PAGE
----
Are You a 'Smart Watch Guy' or a 'Watch Guy?' Tag Heuer Thinks You're Both.
What does it mean when a Swiss watch company—a legendary maker of analog, nuts-and-bolts timepieces—decides to get into smart watches? From the first release of the groundbreaking Apple watch in 2015, the Swiss watch industry eyed slaveringly an entirely new breed of customer that materialized seemingly out of nowhere. For the first time the tech geeks embraced wearing something that looked (well, sorta) like a watch on their wrists. But few in Switzerland have ventured into this exploding market.
Tag Heuer was first out of the gate. Barely six months after Apple launched its first watch, Jean-Claude Biver, then President of LVMH’s watch division, announced the Tag Heuer Connected Watch, with the case design by Tag and all the inner workings the product of a collaboration with Google Wear and Intel.
Connected Watch - Titanium, tagheuer.com
Naturally, it caused consternation in the watch industry. In theory, the software, and even some of the hardware, in a smart watch is out of date almost before you put it on your wrist. Watchmaking, on the other hand (or wrist), is still using a technology that was largely perfected a century ago. Even Tag’s bold move into the new segment was seen by some as a gimmick, a toy, a flash in the pan.
Not so much, as it turns out. Smart watches have not gone away. Last year Apple sold an estimated 31 million watches, while the entire Swiss watchmaking industry sold just 21 million. Yet amongst Swiss brands, Tag Heuer now enjoys a preeminent position in the new and still-expanding market. And while the Connected watch still accounts for a relatively small percentage of the company’s revenue, for Tag Heuer that’s less important than getting smartwatch wearers to wear Tag Heuer smartwatches.
The caseback of the new-generation Tag Heuer Connected smartwatch.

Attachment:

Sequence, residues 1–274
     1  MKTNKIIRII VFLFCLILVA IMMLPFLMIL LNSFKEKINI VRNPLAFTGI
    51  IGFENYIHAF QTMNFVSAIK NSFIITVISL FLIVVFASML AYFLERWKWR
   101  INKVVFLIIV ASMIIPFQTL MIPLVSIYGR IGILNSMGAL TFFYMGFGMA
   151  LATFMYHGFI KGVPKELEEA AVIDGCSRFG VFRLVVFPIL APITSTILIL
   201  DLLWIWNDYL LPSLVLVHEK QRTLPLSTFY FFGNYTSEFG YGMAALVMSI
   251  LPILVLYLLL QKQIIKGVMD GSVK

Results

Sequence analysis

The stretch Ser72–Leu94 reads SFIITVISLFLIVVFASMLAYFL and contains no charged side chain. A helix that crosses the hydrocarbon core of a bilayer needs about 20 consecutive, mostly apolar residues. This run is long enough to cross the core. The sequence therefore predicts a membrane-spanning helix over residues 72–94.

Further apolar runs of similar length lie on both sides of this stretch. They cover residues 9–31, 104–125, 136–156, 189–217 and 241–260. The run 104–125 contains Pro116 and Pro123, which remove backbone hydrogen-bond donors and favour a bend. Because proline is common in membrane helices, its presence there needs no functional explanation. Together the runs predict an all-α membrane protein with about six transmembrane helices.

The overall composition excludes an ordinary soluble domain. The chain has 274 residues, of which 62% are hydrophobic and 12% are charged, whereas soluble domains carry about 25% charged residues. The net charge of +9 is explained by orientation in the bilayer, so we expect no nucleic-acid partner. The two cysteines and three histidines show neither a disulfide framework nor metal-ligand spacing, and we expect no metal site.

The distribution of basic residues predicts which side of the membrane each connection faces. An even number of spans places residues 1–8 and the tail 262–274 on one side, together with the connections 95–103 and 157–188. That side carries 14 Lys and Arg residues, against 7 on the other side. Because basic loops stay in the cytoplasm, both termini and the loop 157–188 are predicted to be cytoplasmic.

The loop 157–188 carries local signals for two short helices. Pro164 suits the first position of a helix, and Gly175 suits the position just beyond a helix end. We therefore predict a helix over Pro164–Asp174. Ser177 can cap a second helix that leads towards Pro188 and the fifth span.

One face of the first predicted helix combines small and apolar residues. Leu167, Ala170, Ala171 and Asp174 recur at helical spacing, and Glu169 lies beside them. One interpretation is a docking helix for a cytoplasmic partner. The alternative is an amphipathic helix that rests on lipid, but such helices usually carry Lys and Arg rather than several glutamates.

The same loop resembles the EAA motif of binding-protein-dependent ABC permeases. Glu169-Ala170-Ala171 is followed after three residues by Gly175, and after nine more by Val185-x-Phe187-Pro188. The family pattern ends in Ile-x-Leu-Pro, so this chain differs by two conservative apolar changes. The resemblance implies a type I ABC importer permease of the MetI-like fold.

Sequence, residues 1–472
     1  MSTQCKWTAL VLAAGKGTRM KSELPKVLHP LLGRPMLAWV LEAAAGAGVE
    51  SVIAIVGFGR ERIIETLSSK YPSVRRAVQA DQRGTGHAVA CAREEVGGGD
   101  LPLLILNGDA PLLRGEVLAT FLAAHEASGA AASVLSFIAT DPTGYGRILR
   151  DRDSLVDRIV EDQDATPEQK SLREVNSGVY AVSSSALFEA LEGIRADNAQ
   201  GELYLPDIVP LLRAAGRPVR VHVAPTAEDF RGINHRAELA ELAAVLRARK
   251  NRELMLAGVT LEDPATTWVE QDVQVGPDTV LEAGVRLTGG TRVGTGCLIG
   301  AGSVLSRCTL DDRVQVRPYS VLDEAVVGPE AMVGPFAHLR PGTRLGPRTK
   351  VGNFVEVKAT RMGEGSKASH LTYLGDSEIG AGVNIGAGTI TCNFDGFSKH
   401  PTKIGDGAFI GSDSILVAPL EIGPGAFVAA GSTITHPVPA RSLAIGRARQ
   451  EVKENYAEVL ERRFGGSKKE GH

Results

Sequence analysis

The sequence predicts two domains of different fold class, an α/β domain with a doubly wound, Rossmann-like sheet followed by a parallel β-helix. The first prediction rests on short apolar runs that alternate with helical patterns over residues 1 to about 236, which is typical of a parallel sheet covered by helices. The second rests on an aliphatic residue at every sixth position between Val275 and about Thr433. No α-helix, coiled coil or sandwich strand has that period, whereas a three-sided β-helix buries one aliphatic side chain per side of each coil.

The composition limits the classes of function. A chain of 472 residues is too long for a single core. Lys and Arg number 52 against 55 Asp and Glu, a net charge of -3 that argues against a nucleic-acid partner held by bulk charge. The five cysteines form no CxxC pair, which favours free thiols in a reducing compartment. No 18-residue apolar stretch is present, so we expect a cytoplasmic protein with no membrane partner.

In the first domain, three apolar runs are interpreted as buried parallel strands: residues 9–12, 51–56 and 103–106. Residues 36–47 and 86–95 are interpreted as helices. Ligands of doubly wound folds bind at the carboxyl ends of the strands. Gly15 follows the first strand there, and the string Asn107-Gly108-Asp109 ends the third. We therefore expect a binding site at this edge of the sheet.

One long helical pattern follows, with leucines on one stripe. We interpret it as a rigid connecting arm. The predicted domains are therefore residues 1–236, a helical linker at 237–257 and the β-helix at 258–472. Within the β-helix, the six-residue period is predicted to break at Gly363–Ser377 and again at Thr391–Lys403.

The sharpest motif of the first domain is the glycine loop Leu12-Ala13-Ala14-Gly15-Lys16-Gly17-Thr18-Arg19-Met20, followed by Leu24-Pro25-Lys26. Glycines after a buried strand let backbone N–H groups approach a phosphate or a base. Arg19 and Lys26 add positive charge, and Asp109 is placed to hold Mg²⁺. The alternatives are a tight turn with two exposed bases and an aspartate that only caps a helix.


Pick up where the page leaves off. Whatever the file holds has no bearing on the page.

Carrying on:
Last week in New York, Tag Heuer announced the third generation in less than five years of its luxury smartwatch (priced from $1,800 to $2,350). Far from being just another software update however, under Frédéric Arnault, Tag Heuer’s Strategy and Digital Director, sweeping changes have been made both inside and out. Intel’s chip has been replaced for the first time with the Qualcomm Snapdragon 3100 (said to be the most advanced OS chip for smartwatches around) while a new range of Heuer-developed sports functions play to the watch company’s long history of timing sports across multiple disciplines.
But in subtle ways it’s on the outside where the most interesting advances have happened. The slimmer 45mm case comes in steel or titanium versions, with optional quick-release straps in a range of colors. Where early Connected watches looked and felt like a halfway house between the funky functionality of a smart watch and the elegance of a mechanical one, the new generation Connected watch looks—and feels—closer than ever to the design pedigree of Tag Heuer.
Another dial display for the Connected watch.
Suddenly, that through-line imagined by Monsieur Biver from no watch to smart watch to mechanical watch doesn’t look so impossible. Meanwhile if any of those 31 million who bought an Apple watch last year feel they need to upgrade something a little more chic without sacrificing right-now functionality, Tag Heuer is waiting.
This story originally appeared on Esquire.com. Minor edits have been made by the Esquiremag.ph editors.